What's the overall picture we are seeing in relation to digital transformation activity across the Asia Pacific and Japan? Could you also say something about this activity in Malaysia?

More than two-thirds (69 percent) of businesses surveyed in the Asia Pacific region acknowledge that digital transformation is important and are committed to it.

This strongly suggests that those who have yet to start on the journey see the value and are already thinking about it, and this is a scenario we are seeing in Malaysia as well.

In addition, Digital Transformation in APJ is being driven as a coordinated strategy across half of the organisations (50 percent), with many projects underway in multiple areas of the company, including customer services, sales and marketing, and product/service development.

Beyond high level revenue and profit motives, the top three drivers, or potential drivers, of digital initiatives in organisations in APJ are: improved customer satisfaction (across the world, this is the #1 driver of digital initiatives), better workforce productivity and improved customer experience.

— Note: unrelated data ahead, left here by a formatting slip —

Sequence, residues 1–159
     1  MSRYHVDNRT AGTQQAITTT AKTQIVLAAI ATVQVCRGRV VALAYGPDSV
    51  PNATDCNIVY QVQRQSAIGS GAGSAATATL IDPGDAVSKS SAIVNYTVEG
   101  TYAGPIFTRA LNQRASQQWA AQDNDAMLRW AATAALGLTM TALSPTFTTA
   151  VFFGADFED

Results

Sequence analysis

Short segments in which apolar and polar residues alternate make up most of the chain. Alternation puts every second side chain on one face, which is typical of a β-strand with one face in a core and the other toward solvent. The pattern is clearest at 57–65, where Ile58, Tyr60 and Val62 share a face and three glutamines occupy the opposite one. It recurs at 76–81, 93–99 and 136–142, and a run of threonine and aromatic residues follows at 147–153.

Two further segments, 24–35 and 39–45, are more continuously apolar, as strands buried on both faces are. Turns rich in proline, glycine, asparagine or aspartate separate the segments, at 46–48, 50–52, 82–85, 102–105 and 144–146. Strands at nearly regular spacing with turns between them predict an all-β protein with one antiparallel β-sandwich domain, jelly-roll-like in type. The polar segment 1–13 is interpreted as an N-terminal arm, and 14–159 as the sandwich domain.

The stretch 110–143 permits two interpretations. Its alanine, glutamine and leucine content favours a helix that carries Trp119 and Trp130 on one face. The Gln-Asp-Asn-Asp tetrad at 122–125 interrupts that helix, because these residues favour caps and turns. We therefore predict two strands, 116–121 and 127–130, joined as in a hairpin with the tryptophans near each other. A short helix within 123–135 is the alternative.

As a result of digital transformation, 43 percent of respondents in APJ have already seen measurable increases in customer retention from their digital transformation initiatives and 42 percent have seen an overall increase in revenue. It pays to embrace digital transformation in the application economy. We fully expect the focus on customer experience across APJ including Malaysia to increase.


How are Asian countries faring relative to each other?

On a country-level, we are seeing progress at different paces. India and China are ranked first and second globally.

The general trend that we have observed is that developed countries such as Australia, Japan, Singapore, South Korea, are at the bottom half of the table, whereas emerging markets like China and India are at the top.

This points to the fact that in more developed economies, digital transformation has reached a certain maturity and saturation level that businesses no longer see massive impact on their operations. This is in stark contrast to emerging markets where the effects of adopting digital technologies is still transformative.